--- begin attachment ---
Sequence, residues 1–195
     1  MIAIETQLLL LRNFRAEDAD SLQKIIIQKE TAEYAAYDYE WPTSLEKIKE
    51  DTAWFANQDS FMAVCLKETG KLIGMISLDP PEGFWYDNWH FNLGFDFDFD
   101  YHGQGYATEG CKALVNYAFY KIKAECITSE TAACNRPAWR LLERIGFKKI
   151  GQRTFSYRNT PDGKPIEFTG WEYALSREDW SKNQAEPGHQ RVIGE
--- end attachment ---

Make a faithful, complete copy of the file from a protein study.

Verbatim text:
Sequence, residues 1–195
     1  MIAIETQLLL LRNFRAEDAD SLQKIIIQKE TAEYAAYDYE WPTSLEKIKE
    51  DTAWFANQDS FMAVCLKETG KLIGMISLDP PEGFWYDNWH FNLGFDFDFD
   101  YHGQGYATEG CKALVNYAFY KIKAECITSE TAACNRPAWR LLERIGFKKI
   151  GQRTFSYRNT PDGKPIEFTG WEYALSREDW SKNQAEPGHQ RVIGE